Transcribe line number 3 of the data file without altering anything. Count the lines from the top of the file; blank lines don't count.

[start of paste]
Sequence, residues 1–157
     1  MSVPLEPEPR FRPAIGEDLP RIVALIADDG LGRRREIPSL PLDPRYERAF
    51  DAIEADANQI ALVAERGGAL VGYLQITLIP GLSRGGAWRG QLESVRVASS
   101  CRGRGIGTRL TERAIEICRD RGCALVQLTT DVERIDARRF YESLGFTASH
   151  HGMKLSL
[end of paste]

    51  DAIEADANQI ALVAERGGAL VGYLQITLIP GLSRGGAWRG QLESVRVASS